Before you can prepare your turkey, you have to tie up a million other loose ends. While we sometimes treat this day like a bigger-than-normal dinner, it’s closer to a week-long extravaganza. There’s hosting and cleaning and a cornucopia of ingredients to buy that don’t normally make it on a shopping list. And, if you aren’t in charge of grocery shopping, there’s a good chance you have to deal with a long drive or a plane ride.
If you don’t put money aside or build up frequent flyer miles in advance, Thanksgiving travel will leave you hurting. There’s no good trick for purchasing flights on busy travel days. Airlines know they’ve got you between a rock and a hard place; when push comes to shove, your bank account will get pushed and shoved. If you’re driving, you can’t just ask your car to use less gas. Still, you can make every effort to dilute the pain.
Two quick tips for flying on Thanksgiving:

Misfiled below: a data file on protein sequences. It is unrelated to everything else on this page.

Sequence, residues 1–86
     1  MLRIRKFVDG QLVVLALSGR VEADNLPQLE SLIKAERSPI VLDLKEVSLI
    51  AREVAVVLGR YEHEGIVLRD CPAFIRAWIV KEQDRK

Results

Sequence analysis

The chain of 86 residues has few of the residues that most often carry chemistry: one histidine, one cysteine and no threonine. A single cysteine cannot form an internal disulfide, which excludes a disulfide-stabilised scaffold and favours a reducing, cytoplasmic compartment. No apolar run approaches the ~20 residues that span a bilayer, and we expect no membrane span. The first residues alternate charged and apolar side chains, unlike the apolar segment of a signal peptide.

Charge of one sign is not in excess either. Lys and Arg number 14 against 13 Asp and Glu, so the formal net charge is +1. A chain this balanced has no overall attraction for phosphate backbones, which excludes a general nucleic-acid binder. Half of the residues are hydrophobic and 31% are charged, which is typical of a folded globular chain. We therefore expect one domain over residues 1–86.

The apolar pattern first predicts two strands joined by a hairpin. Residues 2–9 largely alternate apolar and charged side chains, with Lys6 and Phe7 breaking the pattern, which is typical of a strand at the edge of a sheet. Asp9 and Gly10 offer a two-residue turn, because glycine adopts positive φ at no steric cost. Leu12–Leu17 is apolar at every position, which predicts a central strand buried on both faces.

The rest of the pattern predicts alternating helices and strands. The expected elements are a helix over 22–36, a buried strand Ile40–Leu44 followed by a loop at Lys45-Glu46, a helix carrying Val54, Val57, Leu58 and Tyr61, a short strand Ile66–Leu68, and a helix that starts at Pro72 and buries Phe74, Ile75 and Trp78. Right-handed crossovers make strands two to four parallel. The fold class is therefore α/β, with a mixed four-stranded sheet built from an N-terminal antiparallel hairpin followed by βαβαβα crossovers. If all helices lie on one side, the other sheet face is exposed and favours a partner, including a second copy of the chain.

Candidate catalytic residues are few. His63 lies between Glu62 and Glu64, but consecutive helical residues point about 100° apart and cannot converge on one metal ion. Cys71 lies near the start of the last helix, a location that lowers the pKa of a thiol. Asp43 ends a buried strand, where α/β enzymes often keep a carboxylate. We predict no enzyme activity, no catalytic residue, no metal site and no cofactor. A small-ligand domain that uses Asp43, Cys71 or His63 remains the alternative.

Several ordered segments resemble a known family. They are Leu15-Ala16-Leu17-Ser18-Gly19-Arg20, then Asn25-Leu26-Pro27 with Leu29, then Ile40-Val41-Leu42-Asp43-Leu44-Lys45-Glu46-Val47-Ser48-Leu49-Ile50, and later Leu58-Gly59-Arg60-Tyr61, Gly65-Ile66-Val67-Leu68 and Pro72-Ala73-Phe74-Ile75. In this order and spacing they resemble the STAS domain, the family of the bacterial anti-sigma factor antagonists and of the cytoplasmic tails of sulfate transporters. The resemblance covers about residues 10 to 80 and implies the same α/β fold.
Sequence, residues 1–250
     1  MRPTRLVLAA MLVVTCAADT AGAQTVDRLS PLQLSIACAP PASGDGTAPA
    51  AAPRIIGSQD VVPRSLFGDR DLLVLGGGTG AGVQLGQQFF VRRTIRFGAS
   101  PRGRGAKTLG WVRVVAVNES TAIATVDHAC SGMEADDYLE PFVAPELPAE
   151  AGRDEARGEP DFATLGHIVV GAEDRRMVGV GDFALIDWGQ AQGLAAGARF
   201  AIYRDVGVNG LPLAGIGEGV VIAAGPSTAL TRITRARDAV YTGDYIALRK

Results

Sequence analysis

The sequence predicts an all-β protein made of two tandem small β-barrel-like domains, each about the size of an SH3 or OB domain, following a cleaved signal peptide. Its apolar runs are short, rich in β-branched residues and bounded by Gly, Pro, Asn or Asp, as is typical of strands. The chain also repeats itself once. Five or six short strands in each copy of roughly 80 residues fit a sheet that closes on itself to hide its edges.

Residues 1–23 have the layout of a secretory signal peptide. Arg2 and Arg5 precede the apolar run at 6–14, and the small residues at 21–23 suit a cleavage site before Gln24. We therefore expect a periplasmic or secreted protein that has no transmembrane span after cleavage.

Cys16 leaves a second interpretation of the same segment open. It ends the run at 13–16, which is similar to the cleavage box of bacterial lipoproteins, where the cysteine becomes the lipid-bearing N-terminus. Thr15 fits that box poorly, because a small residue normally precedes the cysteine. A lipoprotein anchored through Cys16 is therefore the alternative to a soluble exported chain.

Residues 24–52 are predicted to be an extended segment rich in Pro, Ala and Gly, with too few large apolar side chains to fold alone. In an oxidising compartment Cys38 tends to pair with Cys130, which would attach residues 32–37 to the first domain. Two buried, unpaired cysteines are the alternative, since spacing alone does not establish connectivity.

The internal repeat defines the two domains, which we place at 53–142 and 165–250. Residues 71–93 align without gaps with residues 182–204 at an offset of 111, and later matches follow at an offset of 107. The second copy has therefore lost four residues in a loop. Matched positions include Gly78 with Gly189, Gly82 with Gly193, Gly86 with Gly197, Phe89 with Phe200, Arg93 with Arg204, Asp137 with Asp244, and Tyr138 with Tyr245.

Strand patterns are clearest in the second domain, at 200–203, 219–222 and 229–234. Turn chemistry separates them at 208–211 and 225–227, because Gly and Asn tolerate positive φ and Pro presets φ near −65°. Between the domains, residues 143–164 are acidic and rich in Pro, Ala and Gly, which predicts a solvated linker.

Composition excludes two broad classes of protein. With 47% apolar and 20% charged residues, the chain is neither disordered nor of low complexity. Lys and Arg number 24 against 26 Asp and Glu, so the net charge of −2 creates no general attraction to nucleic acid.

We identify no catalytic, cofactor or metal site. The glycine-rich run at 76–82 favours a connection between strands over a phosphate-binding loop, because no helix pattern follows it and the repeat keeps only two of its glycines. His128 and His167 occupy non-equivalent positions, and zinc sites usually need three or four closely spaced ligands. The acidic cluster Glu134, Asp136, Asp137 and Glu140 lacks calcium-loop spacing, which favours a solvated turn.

1. Book as early as possible
2. Don’t travel on Wednesday or Sunday
I understand this advice may be hard to follow. If you work through Tuesday, you might have no other choice than a $600 one-way ticket. And, if your Thanksgiving location doesn’t get settled on until early November, you have no opportunity to plan ahead.
Whatever your situation may be, it’s worth checking out CheapOair. Most flight compiling sites operate in the same way, opening a million browser windows and confusing you until you make a purchase just to end the process. CheapOair does an excellent job of limiting the confusion and presenting the best prices.
A big benefit of CheapOair comes from seeing alternate travel dates and airports. While this causes frustration when you need something specific, it can lead you toward a bizarre but affordable travel day. I once spent a night in Portland, OR, because a late flight to the wrong state and a hotel room cost that much less than flying directly to where I needed to be.